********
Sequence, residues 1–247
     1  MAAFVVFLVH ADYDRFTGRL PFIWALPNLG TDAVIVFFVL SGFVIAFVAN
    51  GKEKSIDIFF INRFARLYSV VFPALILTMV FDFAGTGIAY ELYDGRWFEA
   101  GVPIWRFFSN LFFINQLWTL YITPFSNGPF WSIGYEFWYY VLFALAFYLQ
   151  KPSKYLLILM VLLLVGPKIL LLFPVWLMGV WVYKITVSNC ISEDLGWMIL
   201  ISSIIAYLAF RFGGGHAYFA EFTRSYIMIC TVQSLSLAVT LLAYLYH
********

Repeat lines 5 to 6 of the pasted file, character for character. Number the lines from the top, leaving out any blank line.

   151  KPSKYLLILM VLLLVGPKIL LLFPVWLMGV WVYKITVSNC ISEDLGWMIL
   201  ISSIIAYLAF RFGGGHAYFA EFTRSYIMIC TVQSLSLAVT LLAYLYH